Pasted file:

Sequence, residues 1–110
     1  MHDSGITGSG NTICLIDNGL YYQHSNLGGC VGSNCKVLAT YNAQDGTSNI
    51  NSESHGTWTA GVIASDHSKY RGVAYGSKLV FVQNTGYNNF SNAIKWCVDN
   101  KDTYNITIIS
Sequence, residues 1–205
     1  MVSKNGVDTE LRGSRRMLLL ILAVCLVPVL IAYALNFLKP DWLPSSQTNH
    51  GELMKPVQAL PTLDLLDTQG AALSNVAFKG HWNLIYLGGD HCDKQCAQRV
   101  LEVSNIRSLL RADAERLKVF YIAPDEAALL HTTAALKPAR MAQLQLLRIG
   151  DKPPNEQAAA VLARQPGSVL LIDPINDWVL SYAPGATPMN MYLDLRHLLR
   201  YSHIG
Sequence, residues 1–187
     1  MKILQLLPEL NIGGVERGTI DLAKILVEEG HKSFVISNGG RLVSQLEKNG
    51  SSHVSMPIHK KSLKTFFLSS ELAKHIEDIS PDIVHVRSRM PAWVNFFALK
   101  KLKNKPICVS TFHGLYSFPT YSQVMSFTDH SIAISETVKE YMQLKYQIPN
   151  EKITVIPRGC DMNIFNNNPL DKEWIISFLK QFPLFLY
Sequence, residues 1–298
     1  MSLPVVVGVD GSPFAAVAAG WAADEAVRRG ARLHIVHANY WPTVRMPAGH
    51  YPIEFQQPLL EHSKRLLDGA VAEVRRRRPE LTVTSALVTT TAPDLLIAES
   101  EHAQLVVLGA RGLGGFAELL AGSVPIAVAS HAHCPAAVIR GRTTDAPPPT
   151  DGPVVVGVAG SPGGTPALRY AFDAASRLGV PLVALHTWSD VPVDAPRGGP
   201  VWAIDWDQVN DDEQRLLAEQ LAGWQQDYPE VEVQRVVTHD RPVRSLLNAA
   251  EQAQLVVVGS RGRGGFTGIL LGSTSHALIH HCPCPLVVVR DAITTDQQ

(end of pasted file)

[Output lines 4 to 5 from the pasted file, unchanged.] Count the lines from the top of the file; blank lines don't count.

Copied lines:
   101  KDTYNITIIS
Sequence, residues 1–205